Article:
The Porter-Phelps-Huntington Museuman historic house museum dating to 1752 in Hadley, Massachusetts opens Saturday May 19, 2018 for its 69th season. Guided tours will be available Saturday through Wednesday from 1:00 to 4:30 pm. The museum is closed on Thursdays and Fridays. Admission is $5 for adults and $1 for children.

            The Porter-Phelps-Huntington House, known as Forty Acres, is an 18th-century farm on the banks of the Connecticut River that today interprets life in rural New England over three centuries.  Through the words, spaces and possessions of the women and men who lived here, the Museum portrays the activities of a prosperous and productive 18th-century farmstead. Members of this household along with numerous artisans, servants and slaves made Forty Acres an important social and commercial link in local, regional and national cultural and economic networks.  Through the 19th century the generations transformed the estate into a rural retreat. In the 20th-century the house was preserved as a museum by family members and now contains the possessions of six generations of this extended family.

            The rooms in the Porter-Phelps-Huntington Museum remain as they were arranged by members of the family to accommodate the procession of relatives, neighbors, community leaders and workers who crossed the house’s threshold.  From farmers and businessmen, to religious leaders and social workers, to servants and slaves, the stories of many men, women, and children spanning 250 years of American History are told  within the house. The Porter-Phelps-Huntington House is listed on the National Register of Historic Places. 

             Programs this summer include the thirty-seventh season of WEDNESDAY FOLK TRADITIONS, featuring some of New England's finest ethnic folk music performers and ensembles. Performances will be held Wednesday evenings at 6:30 P.M starting June 13 with Grammy nominated Senagalese Master Kora player Youssoupha Sidibe who performs ancient African Harp styles blended with Sufi devotional chanting and western music to create a unique musical expression that he has shared around the world.  The WFT series continues with weekly performances through July 25. 

             "A PERFECT SPOT OF TEA" will be held each Saturday in July and August with seating at 2:30 P.M. and 3:30 P.M. on the museum's back veranda.  Local musicians will perform while guests sip tea and taste pastries donated by local restaurants.

             Special exhibits in the Corn Barn this summer will include a solo exhibition of paintings entitled Massachusetts by award winning artist Philip Grant.  Described as a visual autobiography, the portraits and scenes feature neighbors and places around Grant’s home in Hampden. Grant paints in oil on linen laminated panels or stretched canvas using traditional methods combined with modern realist techniques. This series of images reflect influences from Andrew Wyeth to the Dutch Masters.  The exhibition will be on view June 1 to July 24.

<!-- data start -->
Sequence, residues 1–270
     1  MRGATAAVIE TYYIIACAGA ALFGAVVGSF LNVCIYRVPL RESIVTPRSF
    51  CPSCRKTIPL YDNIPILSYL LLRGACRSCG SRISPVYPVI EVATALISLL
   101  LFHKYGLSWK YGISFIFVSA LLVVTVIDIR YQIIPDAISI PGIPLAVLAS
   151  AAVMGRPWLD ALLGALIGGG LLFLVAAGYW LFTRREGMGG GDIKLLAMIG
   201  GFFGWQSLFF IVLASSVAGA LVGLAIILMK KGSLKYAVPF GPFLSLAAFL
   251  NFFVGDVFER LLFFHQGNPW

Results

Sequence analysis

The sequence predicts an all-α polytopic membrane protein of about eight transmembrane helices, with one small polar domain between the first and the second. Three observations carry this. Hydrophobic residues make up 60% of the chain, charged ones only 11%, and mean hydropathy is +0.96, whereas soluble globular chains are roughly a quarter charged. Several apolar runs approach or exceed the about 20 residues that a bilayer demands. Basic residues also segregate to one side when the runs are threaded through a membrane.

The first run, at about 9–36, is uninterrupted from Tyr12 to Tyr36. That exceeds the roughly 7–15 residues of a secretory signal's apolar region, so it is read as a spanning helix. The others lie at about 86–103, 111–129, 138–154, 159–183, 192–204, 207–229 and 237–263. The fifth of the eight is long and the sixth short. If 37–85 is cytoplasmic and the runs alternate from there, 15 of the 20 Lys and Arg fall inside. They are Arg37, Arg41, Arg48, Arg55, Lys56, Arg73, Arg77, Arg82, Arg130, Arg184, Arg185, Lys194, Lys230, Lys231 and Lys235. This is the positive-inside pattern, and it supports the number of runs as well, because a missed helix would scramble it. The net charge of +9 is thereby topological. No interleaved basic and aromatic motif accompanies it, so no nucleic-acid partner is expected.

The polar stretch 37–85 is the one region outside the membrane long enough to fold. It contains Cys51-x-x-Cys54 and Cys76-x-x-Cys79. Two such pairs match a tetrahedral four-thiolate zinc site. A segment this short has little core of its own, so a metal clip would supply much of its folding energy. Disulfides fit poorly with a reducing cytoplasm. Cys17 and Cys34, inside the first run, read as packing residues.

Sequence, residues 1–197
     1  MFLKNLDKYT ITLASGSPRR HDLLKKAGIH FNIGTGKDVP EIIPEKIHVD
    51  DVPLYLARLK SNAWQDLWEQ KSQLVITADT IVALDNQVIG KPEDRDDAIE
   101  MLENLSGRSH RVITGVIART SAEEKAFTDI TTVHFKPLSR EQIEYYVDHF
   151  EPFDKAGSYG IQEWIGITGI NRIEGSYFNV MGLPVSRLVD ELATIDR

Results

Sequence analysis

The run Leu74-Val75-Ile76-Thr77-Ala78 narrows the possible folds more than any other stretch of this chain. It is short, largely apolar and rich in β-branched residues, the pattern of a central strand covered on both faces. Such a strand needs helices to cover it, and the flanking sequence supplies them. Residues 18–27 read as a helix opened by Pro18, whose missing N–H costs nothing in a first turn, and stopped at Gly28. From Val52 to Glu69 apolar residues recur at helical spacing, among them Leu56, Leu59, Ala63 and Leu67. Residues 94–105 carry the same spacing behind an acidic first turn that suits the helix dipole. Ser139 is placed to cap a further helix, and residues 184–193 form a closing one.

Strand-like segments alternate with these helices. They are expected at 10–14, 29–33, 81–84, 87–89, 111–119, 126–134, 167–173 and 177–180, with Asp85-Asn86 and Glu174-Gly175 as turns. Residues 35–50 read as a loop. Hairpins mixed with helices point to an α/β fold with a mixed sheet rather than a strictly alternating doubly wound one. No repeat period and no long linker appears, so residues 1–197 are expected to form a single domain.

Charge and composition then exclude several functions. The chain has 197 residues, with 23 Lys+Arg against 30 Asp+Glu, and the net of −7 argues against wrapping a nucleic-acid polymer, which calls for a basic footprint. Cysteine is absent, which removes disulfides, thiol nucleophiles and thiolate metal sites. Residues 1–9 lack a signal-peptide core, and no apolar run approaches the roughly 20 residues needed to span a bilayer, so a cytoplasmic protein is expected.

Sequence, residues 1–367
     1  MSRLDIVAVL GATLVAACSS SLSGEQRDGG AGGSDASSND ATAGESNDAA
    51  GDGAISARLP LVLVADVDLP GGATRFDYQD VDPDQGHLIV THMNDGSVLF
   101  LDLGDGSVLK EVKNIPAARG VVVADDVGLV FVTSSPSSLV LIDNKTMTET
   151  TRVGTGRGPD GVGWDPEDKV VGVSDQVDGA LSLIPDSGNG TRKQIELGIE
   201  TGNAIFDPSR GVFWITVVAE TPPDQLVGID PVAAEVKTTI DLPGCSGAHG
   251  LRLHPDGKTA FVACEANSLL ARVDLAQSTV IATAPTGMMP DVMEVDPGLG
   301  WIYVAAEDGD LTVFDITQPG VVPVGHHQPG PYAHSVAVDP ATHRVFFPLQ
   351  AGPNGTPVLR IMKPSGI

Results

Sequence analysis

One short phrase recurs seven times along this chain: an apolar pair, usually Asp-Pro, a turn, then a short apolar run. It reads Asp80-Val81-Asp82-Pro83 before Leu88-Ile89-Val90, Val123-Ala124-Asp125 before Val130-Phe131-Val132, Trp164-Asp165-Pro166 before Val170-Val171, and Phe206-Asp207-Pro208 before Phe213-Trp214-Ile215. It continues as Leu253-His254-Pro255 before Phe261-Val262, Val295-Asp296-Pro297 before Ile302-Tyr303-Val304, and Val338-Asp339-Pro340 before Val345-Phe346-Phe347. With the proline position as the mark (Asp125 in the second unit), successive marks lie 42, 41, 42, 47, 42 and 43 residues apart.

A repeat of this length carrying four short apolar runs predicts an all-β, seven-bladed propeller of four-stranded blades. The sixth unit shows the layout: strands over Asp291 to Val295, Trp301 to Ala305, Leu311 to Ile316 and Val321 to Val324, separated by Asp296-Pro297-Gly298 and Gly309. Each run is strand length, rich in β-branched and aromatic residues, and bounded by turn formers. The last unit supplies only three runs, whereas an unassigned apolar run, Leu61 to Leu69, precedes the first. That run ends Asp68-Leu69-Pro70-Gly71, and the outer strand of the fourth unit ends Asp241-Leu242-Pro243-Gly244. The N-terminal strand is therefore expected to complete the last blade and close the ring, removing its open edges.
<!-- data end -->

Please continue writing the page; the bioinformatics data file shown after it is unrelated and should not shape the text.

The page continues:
The Porter-Phelps-Huntington Museum is also the designated Way-Point Center for the National Connecticut River Scenic Byway. The Museum hosts a panel exhibit on the natural history of the Valley, the Museum’s history, and sites along the by-way for travelers. A newly created trail system begins at the Museum, traverses the farm fields along the river and continues along the old buggy path to the top of Mount Warner where the family grazed their cattle in the 18th century.

Next Week: A Perfect Spot of Tea with A. Burris Jenkins

On Saturday, August 26 "A Perfect Spot of Tea" will continue featuring a performance by A. Burris Jenkins. Jenkins will premier some of his most recent compositions of famous classical pieces re-imagined in a jazz style.

Admission is $12 per person, and there are seatings at 2:30 p.m. and 3:30 p.m. Reservations will not be taken in advance. Tours will be given for an additional fee every hour on the half hour; at 1:30, 2:30, and 3:30.


Next Week: A Perfect Spot of Tea continues with The West County Jazz Trio

On Saturday, August 19th "A Perfect Spot of Tea" will continue with a performance by The West County Jazz Trio. The group plays mostly mainstream jazz music including some originals and with an occasional foray into standards and jazz Latin tunes. The group includes Judith Williams who comes from Greenfield, plays keyboards and sings on occasion; Tony Rice, who focuses the beat with his drums, and lives in Conway; and Tom Ulrich who plays double bass and comes from Ashfield.  The trio has been together for five or six years as part of a quintet and other formats, and play here and there around Franklin County and beyond in a variety of settings and functions. 

Admission is $12 per person, and there are seatings at 2:30 p.m. and 3:30 p.m. Reservations will not be taken in advance. Tours will be given for an additional fee every hour on the half hour; at 1:30, 2:30, and 3:30.

Next Week: A Perfect Spot of Tea featuring The Blackbird Effect

On August 12th, 2017 the Porter-Phelps-Huntington Museum's "A Perfect Spot of Tea" will continue featuring a performance by The Blackbird Effect. John Cabán and Pan Morgan play bent blues, greenjazz, in addition to other genres.  With deep roots in more than one America, The Blackbird Effect presents an exciting, improvisational blend of musical colors in more than one language. John Cabán plays steel guitar and atmosphere, and also sings. Pan Morigan brings vocals, banjo, hunter’s harp, viola, and various other instruments. Together they create new music and interpret the old, drawing on a deep wellspring of multi-roots: From Appalachian folk, blues, and jazz, to Scottish music, Irish balladry, and Puerto Rican rural song tradition.